WASHINGTON — The US Food and Drug Administration on Sept. 21 announced a proposed rule to establish additional traceability recordkeeping requirements for certain foods. The FDA also published the same day a draft food traceability list (FTL), which enumerated the specific foods that will be subject to the proposed requirements.

The FDA said the proposed rule, “Requirements for Additional Traceability Records for Certain Foods,” is a key component in the FDA’s New Era for Smarter Food Safety and would implement the section of the FDA Food Safety Modernization Act of 2010 (FSMA) that mandated the agency require more extensive product tracing records for foods the agency determined to be at “high risk” for contamination.

The Acheson Group noted the FTL foods were determined through FDA’s development of a risk-ranking model.

“Data was collected to populate the model for chemical and microbiological hazards associated with specific foods, and the draft risk-ranking model and data were reviewed by independent external experts,” Acheson said. “From this, FDA proposed 16 FTL foods, with the rule mandating additional traceability requirements for both the listed food and any food that contains a listed food as an ingredient.”

Foods on the draft FTL include sprouts, shell eggs, tomatoes, nut butter, tropical tree fruits, cucumbers, fresh-cut fruits and vegetables, fresh herbs, finfish, leafy greens (including fresh-cut leafy greens), crustaceans, melons, mollusks, peppers, and ready-to-eat salads.

The FDA said the proposal, if finalized,  would standardize the data elements and information firms must establish and maintain, and the information they would need to send to the next entity in the supply chain to facilitate rapid and accurate traceability.

“While limited to only certain foods (those on the FTL), this proposal lays the foundation for a standardized approach to traceability recordkeeping, paving the way for the industry to adopt, harmonize, and leverage more digital traceability systems in the future,” the FDA said.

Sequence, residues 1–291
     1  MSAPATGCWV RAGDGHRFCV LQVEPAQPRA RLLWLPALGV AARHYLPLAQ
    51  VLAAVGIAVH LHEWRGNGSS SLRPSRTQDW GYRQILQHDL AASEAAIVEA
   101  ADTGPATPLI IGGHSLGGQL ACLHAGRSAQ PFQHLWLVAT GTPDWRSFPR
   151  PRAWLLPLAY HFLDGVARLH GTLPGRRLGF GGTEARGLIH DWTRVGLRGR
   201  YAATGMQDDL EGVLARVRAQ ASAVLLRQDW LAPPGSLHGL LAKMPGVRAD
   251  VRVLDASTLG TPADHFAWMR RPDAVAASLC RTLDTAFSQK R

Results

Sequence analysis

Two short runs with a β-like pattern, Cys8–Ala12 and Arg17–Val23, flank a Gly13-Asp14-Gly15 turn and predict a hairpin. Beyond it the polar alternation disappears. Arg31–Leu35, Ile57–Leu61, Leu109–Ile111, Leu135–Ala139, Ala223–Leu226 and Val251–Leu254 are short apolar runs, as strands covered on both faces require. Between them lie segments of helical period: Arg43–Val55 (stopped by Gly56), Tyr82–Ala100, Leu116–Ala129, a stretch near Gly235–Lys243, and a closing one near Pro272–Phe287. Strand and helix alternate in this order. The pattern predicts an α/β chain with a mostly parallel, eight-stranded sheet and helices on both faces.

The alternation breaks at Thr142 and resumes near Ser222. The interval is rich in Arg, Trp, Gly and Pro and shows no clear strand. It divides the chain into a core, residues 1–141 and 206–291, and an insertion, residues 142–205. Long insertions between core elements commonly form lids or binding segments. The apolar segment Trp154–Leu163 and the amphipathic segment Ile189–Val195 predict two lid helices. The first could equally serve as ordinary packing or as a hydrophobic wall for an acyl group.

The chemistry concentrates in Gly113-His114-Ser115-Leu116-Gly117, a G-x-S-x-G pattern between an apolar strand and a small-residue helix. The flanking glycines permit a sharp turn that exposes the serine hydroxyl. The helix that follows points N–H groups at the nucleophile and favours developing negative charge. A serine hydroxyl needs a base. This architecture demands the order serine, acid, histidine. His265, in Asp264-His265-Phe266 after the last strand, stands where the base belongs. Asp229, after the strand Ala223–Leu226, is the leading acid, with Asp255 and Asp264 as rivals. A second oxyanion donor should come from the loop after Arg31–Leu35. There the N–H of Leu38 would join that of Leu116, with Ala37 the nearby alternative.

The FDA said existing regulations require much of the food industry to establish and maintain records to identify the immediate previous sources and the immediate subsequent recipients of foods.

“These requirements form a baseline for traceability recordkeeping, but they provide limited information to effectively and rapidly link shipments of food through each point in the supply chain,” the FDA said. “This — and the fact that recordkeeping systems can be largely paper-based and lack a universal lexicon throughout industry — can make it difficult to trace a product to its original source when necessary.”

The FDA said the improved traceability, as envisioned by the proposed rule, would allow the agency to more quickly identify the source of a contaminated product, reduce the scope of product recalls, and conduct more timely root-cause investigations to learn more about how contamination occurred in order to prevent future outbreaks.   

The FDA said at the heart of the proposal is a requirement for those who manufacture, process, pack, or hold a food on the FTL  to establish and maintain records associated with specific critical tracking events, CTEs, which the FDA said comprised growing, receiving, transforming, creating, and shipping.

For each CTE, entities would be required to establish and maintain records containing key data elements, or KDEs. 

The FDA said examples of KDEs include the traceability lot code, the date the product was received, the date the product was shipped, and a product description.

The FDA emphasized the traceability lot code is an important KDE throughout the supply chain intended to establish critical linkages that will help to facilitate rapid traceback and trace-forward investigations during foodborne illness outbreaks and recall events.

In addition, those subject to the rule also would be required to create and maintain records related to their internal traceability program, which would help regulators better understand a firm’s recordkeeping practices and traceability operations.

The proposed rule would require records to be maintained as either electronic, original paper records, or true copies. In addition, the proposal stated that in the event of a foodborne illness outbreak, a product recall, or other threat to public health, the FDA could require that firms submit, within 24 hours, an electronic sortable spreadsheet containing relevant traceability information for specific foods and date ranges.

The proposed rule includes several exemptions, including that the additional traceability records would not be required after a kill-step (a process that significantly minimizes pathogens in a food) is applied to a food, but documentation of the kill-step application would have to be established and maintained.

The proposed rule was published in the Federal Register on Sept. 23. The proposed rule and the draft FTL are available for public comment for 120 days from that date.

The FDA also will hold three public meetings on the proposed rule and FTL during the public comment period. The public meetings were scheduled for Nov. 6, Nov. 18 and Dec. 2.